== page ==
Friday, February 27, 2009

Oscars 2009: Changing, but still the same

During his interview with Barbara Walters before the Academy Awards, this year’s host Hugh Jackman promised “a little more show and a little less biz.” As the 81st annual Academy Awards began last Sunday it looked like he’d make good on his word. Unfortunately, it turned out to be largely business as usual.

This year was meant to be a reinvention year for the Academy Awards, but the changes seem mostly cosmetic. The orchestra was moved out of the pit and onto the stage in a swinging big-band style. This was nice, but didn’t greatly alter the feel of the evening.

The other big change was having five previous winners in the Best Actor, Best Actress and Best Supporting categories present the awards this year. Each presenter would spend a couple minutes talking about why each nominee’s performance was so great. The speeches ranged from overly ingratiating to sincere praise to gentle ribbing. This was a fine addition that at times grew tiresome and added to the running time.

The choice of Jackman as host was a surprise. Instead of going with the traditional comedian to host, the academy went for an actor more known for dramatic work. But Jackman is also a song and dance man, who found great success on Broadway in “The Boy from Oz.”

Jackman opened the show with a fantastic song and dance reenacting the five best picture nominees (plus “The Dark Knight” perhaps as an unofficial sixth nominee). Billy Crystal had done something similar in the past, but Jackman’s routine had more of a Broadway edge.

The set piece featured cheeky lyrics like “I ironed all my men, and I frosted my Nixon” and a great bit with Best Actress nominee Anne Hathaway being pulled out of the audience to play Richard Nixon to Jackman’s David Frost. There was a romantic tense between the two that probably didn’t exist between the real Frost and Nixon, but, hey, you never know.

About halfway into the ceremony there was a medley of songs from movie musicals compiled by director Baz Luhrmann. Jackman got an assist from Beyonce Knowles and a couple of the actors from “High School Musical” and, as with the opening, the number was an absolute show-stopper. Both routines were well choreographed and presented with energy to spare.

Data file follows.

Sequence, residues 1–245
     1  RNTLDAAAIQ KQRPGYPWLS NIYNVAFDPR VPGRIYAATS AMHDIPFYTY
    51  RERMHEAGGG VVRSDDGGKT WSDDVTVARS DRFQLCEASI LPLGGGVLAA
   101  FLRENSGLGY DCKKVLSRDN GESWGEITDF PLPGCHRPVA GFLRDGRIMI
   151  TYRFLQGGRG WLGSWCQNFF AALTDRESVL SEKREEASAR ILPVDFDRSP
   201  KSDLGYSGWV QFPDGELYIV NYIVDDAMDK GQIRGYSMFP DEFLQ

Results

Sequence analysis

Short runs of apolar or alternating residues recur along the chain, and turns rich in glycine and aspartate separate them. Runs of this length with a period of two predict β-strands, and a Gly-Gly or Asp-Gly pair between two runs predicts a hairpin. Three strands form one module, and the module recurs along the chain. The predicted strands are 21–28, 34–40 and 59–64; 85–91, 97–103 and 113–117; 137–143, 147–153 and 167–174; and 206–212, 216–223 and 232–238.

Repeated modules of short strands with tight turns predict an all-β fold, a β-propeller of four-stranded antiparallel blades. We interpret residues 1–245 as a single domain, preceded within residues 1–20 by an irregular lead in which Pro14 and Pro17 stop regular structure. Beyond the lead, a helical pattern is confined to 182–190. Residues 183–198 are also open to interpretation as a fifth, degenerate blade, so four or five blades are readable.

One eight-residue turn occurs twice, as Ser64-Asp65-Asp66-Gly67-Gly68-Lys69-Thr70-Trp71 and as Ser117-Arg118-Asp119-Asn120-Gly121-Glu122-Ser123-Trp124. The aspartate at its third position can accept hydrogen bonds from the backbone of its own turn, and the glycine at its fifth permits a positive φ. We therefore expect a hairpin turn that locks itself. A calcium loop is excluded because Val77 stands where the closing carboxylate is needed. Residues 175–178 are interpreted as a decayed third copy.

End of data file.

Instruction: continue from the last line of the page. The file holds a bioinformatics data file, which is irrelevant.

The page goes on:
Outside of these two numbers, though, this was a fairly standard Oscar’s presentation, which is a shame because the producers of the ceremony were onto something. If you’re going to have filler between awards, it should be spectacle.

Sadly, as usual the running time was padded out with the inexplicable inclusion of clip shows. There were fewer than usual, but the montages of the best action and romance movies of 2008 were gratuitous and added nothing.

These montages were cleverly parodied in a short film by Judd Apatow featuring Seth Rogan and James Franco in their stoner “Pineapple Express” personas watching and giggling through clips.

One clip shows did work: the always affecting In memoriam montage of those in the film industry who passed away in the previous year. This year it was given extra emotional weight by a live performance from Queen Latifah.

As for the awards themselves, the evening was mostly predictable with nearly all the favorites winning. As expected the late Heath Ledger won Best Supporting Actor for “The Dark Knight.” There was hardly a dry in the house as his family accepted on
his behalf, which wasn’t surprising, but still quite moving to see.

My personal favorite acceptance speech was when “Slumdog Millionaire” director Danny Boyle started jumping up and down at the podium and then explained that years ago he told his kids if he ever won an Oscar he’d do it in the spirit of Tigger.

The night’s one big upset was Sean Penn’s win over Mickey Rourke for Best Actor. Penn, who won for his performance as gay activist turned politician Harvey Milk, started his acceptance speech with a great line: “You commie, homo-loving sons-of-guns.” He proceeded with a surprisingly humble speech and then switched to activist mode.

In recent years, the academy has been nominating and awarding a more diverse pool of actors and filmmakers and spotlighting films that take on challenging subject matter. The academy knew exactly what they’d get if they gave the award to Penn, and it is probably safe to say they were making a statement by doing so.

Of the presenters, Ben Stiller stole the show with his impression of Joaquin Phoenix’s bizarre recent behavior on “The Late Show with David Letterman.” Jack Black also scored a big laugh with how he makes more money doing voice work than acting: “Every year I make a DreamWorks picture, come here and bet everything on Pixar.”

Overall there was plenty of stuff to see, but you had to sit through a lot of slow patches to get to the goods. For all the changes, you’re still dealing with an award show that clocks in at nearly four hours if you include the red carpet. The average American may stay up until midnight for a sporting event, but for an award show? I think not.

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